Title: Philadelphia Public Ledger
Creator: Susan Belasco
Publication information: Written for the Walt Whitman Archive. First published on the Archive in 2008.
Whitman Archive ID: per.00169
Contributors to digital file: Elizabeth Lorang and Susan Belasco
Whitman published his tribute to Queen Victoria in the Philadelphia Public Ledger, founded in 1836 as a "penny" paper, newspapers which were published daily and sold for a penny. Like other penny papers, the Public Ledger gained a wide readership by publishing local news, such as crime and court reports. By the 1870s, the Public Ledger was the largest newspaper in Philadelphia and was also well-known nationally. Whitman had long admired Queen Victoria who was born in 1819, the same year as his own birth. As early as 1845, he had written in the American Review that she had "more estimable qualities thus far, than any of the long line of monarchs who have sat upon the British throne, and so generally oppressed the British people." He wrote to his friend Richard M. Bucke on May 24, 1889 that he had drunk "health and respects to Queen Victoria" and 1890, he celebrated her seventy-second birthday with this poem and admiring note.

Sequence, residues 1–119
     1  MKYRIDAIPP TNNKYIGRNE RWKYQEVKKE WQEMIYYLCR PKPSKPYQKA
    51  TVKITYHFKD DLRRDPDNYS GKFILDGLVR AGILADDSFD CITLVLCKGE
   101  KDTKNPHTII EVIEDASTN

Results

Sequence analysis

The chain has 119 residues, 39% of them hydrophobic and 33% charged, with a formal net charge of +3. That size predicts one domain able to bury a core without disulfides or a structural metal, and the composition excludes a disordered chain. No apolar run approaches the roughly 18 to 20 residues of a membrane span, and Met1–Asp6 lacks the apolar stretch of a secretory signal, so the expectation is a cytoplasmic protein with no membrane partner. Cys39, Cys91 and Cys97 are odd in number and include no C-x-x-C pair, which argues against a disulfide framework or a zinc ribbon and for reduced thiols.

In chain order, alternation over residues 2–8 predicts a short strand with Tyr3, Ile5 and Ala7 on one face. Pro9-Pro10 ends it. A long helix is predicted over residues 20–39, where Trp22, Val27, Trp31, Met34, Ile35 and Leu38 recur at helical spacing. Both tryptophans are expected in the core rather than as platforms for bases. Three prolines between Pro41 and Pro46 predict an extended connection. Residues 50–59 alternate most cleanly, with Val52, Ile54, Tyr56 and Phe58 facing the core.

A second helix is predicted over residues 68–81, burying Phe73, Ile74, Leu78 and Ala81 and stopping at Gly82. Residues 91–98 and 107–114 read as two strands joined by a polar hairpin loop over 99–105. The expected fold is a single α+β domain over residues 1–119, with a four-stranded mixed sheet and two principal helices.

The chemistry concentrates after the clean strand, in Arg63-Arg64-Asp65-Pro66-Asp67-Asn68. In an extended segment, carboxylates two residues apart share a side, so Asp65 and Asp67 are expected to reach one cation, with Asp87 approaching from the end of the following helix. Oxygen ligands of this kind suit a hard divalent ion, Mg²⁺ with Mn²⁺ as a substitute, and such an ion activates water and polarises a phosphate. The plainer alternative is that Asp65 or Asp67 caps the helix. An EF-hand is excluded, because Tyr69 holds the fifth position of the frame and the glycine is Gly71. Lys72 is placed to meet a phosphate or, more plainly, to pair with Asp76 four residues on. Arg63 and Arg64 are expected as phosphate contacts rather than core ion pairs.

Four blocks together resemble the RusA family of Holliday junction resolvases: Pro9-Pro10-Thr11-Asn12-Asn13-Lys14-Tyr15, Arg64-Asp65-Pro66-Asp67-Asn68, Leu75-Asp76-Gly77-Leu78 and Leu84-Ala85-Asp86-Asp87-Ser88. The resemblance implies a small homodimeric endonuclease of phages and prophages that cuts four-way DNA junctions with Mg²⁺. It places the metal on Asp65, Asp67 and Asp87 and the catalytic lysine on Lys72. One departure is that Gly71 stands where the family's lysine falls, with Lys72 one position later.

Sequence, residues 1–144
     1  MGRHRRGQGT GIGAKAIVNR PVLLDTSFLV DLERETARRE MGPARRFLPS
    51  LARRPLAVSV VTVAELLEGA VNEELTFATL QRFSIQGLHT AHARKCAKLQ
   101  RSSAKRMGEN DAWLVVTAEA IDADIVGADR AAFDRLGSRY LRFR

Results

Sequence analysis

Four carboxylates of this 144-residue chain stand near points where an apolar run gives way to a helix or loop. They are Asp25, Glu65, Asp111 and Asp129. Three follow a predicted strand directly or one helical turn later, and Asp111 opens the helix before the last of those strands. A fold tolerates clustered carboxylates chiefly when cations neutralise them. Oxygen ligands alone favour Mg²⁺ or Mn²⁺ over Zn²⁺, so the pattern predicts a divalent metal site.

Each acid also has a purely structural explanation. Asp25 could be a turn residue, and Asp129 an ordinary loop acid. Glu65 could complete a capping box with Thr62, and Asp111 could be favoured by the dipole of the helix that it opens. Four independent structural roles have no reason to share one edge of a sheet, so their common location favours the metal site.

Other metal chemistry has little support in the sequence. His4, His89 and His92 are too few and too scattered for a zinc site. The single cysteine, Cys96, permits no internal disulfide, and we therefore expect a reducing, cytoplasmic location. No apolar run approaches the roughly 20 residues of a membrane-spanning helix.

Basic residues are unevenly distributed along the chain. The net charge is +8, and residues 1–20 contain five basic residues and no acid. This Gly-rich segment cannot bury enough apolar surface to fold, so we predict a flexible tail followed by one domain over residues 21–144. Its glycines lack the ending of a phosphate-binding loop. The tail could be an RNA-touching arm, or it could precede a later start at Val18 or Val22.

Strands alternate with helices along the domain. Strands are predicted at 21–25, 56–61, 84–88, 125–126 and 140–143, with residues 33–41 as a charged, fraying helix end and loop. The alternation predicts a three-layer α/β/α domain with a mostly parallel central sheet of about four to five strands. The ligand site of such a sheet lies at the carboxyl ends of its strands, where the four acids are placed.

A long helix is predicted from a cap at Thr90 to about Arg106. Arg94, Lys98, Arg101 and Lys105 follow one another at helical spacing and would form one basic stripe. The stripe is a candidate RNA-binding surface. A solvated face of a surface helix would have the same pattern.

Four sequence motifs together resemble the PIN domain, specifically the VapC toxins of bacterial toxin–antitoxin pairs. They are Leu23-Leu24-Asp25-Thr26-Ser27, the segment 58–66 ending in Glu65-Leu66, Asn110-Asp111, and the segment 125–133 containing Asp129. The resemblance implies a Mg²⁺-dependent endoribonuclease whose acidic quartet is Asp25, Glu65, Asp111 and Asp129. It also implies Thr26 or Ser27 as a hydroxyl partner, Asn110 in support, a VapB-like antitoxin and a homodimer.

Walt Whitman, Leaves of Grass: Comprehensive Reader's Edition, ed. Harold W. Blodgett and Sculley Bradley (New York: New York University Press, 1965).
Jerome Loving, Walt Whitman: The Song of Himself (Berkeley: University of California Press, 1999).
Frank Luther Mott, American Journalism a History: 1690-1960 (New York: Macmillan Company, 1995).
William Pannapacker, "Philadelphia, Pennsylvania," Walt Whitman: An Encyclopedia, ed. J.R. LeMaster and Donald D. Kummings (New York: Garland Publishing, 1998).
Walt Whitman, The Correspondence, ed. Edwin Haviland Miller. Vol. 4 (New York: New York University Press, 1969).